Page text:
AJ: Thank you for giving me a chance to share my thoughts about this. I’m a scientist. So this is not something I would write about in a journal article. But as a person, it is for me important to convey that the same level of rigor and carefulness that I apply to my science, I apply to the decisions I make on which projects I choose versus those I do not take on.
First, let me clarify: my starting point in all of this work is that I accept, as current conditions and circumstances, that I live in a society at this point in time that has a military, and that military is actively engaged in war. That’s the starting point. I’m not debating, “Should there be a military? Should there be war?”
When I was at Penn, something happened that had a big impact on me. In Amish country outside of Philly, a veteran came into a school and shot a whole bunch of children. I remember thinking, we put the military through something that intensive and then bring them back and expect them to blend in. Without any extra support there is going to be psychosis elicited by the high-stress situation you put them through. Then of course all the data comes in: there are more suicides, domestic violence and sexual assaults involving soldiers or veterans than there are combat-related deaths.
So my own ethical considerations were, if this is the situation, what can I do? I’m just a civilian person doing research on the topic of attention. So to me, this might be a way to help.
IM: In your current work with the STRONG Project, what is the purpose?
AJ: Gandhi’s ashram is in the town I was born in. His message was a big part of my upbringing: nonviolence is part of my core philosophical thread. Yet nonviolence does not mean inaction. It doesn’t mean you do nothing. Sometimes what you do to reduce violence and suffering is take action. I would say the military work is in that spirit.
All of our funding has come from the medical command of the Department of Defense and the U.S. Army, to investigate if and how resilience training may improve the ways in which the brain can pay attention, be situationally aware (for example, of one’s surroundings), and manage and recover from stress. The Army realizes that body armor and physical exercise are necessary to protect soldiers’ bodies and keep them physically healthy. Now they are trying to understand how brains and minds might also be protected and kept healthy over the cycles of military deployment.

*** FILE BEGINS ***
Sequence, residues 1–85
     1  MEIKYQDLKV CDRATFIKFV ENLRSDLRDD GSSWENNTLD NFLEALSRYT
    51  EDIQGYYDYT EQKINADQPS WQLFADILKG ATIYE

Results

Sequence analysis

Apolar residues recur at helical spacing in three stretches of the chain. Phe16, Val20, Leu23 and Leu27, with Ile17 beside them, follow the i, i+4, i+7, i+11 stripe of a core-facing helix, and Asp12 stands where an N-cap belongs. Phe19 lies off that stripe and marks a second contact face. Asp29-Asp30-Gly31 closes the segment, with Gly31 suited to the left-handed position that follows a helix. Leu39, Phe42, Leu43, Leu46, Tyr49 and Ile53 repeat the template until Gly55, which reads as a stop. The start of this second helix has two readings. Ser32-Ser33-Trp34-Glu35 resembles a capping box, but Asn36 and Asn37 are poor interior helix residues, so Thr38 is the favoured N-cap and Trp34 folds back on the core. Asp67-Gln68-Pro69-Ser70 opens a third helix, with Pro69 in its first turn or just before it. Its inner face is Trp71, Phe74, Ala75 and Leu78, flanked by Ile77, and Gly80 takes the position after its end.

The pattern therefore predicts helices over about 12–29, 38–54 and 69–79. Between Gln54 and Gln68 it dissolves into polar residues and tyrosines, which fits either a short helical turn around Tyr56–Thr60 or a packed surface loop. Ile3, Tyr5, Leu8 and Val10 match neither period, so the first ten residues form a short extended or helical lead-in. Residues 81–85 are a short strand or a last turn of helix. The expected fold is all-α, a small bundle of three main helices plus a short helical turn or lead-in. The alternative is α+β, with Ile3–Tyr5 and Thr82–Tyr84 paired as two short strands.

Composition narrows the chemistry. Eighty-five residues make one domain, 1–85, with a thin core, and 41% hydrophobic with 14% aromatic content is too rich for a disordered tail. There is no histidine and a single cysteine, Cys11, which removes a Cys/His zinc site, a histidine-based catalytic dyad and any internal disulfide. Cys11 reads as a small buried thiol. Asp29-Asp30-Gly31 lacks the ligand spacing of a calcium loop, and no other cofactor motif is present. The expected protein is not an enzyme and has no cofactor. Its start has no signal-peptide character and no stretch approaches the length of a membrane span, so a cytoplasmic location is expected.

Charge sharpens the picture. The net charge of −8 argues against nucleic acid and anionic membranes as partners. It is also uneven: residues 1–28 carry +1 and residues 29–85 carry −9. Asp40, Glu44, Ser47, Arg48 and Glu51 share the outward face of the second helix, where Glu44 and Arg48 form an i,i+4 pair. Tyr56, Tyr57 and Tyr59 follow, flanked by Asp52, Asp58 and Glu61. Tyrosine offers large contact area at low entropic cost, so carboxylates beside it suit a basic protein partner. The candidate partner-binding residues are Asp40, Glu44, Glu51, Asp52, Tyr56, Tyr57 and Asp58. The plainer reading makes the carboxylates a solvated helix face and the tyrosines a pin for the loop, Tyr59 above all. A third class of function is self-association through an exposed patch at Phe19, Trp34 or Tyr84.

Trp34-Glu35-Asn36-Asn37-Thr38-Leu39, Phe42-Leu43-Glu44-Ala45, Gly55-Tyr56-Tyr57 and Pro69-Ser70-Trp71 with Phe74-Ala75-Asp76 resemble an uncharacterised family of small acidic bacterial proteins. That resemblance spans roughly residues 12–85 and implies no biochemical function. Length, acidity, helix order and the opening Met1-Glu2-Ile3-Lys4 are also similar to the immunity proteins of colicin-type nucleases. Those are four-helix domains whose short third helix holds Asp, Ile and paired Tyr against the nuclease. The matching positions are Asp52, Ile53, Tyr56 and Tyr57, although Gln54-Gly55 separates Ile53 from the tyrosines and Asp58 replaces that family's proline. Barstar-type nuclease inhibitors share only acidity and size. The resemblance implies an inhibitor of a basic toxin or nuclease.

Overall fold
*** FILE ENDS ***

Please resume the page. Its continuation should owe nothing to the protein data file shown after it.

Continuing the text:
So the main purpose of the STRONG Project is to understand how resilience training might provide soldiers with “mental armor.”
IM: So what does this “mental armor” protect them from?
AJ: Part of this is to protect people from psychological injury—from hurting themselves, their families or others, for example. Front and center is the idea that to make good decisions, to actually see what’s happening around you, you need your full attentional capacity and full ability to regulate and observe your own emotions. Discernment is going to be your best skill set in a very high-stress, rapidly changing, conflict-ridden environment.
There’s the challenge. Being in a high-stress situation degrades the capacity to be discerning. Under high stress, we just don’t see what’s going on. We go on autopilot. We react based on stereotypes. So the training helps soldiers base their decisions on what is actually in front of them instead of on assumptions. Being more discerning is what it means to be a better soldier.
Here’s an example. A medic trained in Mindfulness-based Mind Fitness Training (MMFT) saw someone walking across a bridge and thought, “Oh my gosh, that’s a boy. That could be my son.” He described his previous deployments as a blur, whereas this time he was present to what was happening.
The training is never explicit in terms of “do no harm,” but it is saying, “Whatever harm you might have done reactively, inappropriately without thinking, you are going to be better able to control that.”
IM: So in the STRONG Project, what is your research finding?
AJ: We are just starting now to write up the results and they should be out this year. But, the STRONG Project was asking a couple of key questions. One involved dosing: how much training is necessary in order to see benefits? Liz Stanley’s initial program involved twenty-four hours of training. It is hard to get that much time when you’re dealing with predeployment units; they don’t want to give you any time. So we titrated down from twenty-four to sixteen hours. Then we did another version that offered eight hours of training. Every training group was eight weeks long.